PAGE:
|Birth name||Julius Russell|
|Born||September 15, 1918|
Atlanta, Georgia, U.S.
|Died||October 2, 2005 (aged 87)|
New York City
|Medium||comedy, television, film|
Julius "Nipsey" Russell (September 15, 1918 - October 2, 2005) was an American comedian, poet, and dancer best known for his appearances as a panelist on game shows from the 1960s through the 1990s, including Match Game, Password, Hollywood Squares, To Tell the Truth, and Pyramid. His appearances were often distinguished by short, humorous poems he recited during the broadcast, which led to his nickname "the poet laureate of television". He had one of the leading roles in the film version of The Wiz as the Tin Man. He was a frequent guest on the Dean Martin Celebrity Roast series.
Julius Russell was born in Atlanta, Georgia. His birthdate and age are unclear; according to one report his birth certificate was lost. At the time of his 2005 death, friends said he was 80, and that was the age reported in his obituaries. That implies a birth year of 1924 or 1925; the New York Times obituary gave his birthdate as October 13, 1924. Federal records suggest that he was born in 1918: Census documents record a Julius Russell in Atlanta aged 1 year 4 months in 1920, consistent with a birthdate in late 1918. The Social Security Death Index lists his birthdate as September 15, 1918.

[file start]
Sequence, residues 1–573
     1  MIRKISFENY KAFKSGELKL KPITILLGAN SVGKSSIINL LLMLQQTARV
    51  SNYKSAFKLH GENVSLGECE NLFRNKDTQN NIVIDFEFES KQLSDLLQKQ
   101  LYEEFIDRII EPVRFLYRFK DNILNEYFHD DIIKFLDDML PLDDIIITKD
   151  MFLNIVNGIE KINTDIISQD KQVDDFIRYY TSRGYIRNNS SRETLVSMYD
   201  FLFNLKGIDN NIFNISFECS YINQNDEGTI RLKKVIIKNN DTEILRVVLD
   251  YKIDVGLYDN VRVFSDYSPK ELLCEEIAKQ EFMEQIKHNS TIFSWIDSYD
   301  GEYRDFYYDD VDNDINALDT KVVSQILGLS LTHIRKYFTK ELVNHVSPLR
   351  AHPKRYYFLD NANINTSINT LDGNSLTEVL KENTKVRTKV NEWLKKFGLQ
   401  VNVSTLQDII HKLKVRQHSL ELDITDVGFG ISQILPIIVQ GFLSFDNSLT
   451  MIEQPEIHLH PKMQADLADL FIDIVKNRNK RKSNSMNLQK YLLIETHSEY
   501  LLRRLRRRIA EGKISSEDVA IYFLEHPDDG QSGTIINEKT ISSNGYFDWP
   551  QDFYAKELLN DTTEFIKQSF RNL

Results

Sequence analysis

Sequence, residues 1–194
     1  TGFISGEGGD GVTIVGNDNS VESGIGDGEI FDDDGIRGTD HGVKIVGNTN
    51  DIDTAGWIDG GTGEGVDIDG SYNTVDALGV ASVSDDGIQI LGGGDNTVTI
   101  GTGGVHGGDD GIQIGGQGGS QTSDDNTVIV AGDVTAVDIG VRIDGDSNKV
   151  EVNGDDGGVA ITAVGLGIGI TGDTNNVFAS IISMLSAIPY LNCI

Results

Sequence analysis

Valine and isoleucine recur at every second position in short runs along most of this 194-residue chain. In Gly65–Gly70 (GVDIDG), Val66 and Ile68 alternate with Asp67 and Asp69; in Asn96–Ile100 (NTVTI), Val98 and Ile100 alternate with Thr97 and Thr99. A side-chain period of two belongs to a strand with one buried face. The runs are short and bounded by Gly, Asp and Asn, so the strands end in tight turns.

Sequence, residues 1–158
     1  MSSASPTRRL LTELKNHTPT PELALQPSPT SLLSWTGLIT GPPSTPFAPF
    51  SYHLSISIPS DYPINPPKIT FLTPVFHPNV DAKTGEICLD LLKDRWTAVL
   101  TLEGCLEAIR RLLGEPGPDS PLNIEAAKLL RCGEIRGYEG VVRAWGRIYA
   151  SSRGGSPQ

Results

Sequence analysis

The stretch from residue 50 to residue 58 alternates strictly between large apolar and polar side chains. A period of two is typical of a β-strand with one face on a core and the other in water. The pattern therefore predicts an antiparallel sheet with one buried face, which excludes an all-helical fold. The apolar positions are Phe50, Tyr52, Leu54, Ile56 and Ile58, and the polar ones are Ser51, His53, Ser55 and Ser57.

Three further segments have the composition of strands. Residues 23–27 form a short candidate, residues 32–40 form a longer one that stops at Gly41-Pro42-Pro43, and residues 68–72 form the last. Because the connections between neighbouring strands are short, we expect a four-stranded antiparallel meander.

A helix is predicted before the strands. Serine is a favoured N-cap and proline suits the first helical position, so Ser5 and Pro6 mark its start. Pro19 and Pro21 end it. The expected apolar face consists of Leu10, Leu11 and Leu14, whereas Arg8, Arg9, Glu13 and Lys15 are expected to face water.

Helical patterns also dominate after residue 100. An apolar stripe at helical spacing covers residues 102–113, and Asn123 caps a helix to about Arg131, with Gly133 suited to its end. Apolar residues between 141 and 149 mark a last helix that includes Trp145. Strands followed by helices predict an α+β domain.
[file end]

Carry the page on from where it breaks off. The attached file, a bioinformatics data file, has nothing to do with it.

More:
He went to Booker T. Washington High School in Atlanta and attended the University of Cincinnati for one semester in 1936, He served as a medic in the United States Army during World War II, enlisting as a private on June 27, 1941, and returning from Europe in 1945 as a second lieutenant.
He got his start as a comedian in the 1940s as a carhop at the Atlanta drive-in The Varsity, where he increased the tips he earned by making customers laugh. He was discovered after he began performing in nightclubs in the 1950s. He subsequently made many "party albums", which were essentially compilations of his stand-up routines.
In 1952, Russell joined with film comedian Mantan Moreland for a stage act, replacing Ben Carter as Moreland's dapper straight man. One of their bits was an old routine that Moreland and Carter had performed in vaudeville and in Charlie Chan films. In the "interruption routine" (or "incomplete sentences") Moreland would engage Russell in conversation, only to be interrupted by Russell, who in turn was interrupted by Moreland:
Moreland: Guess who I saw? I saw old--
Russell: Is he back again? I thought he was--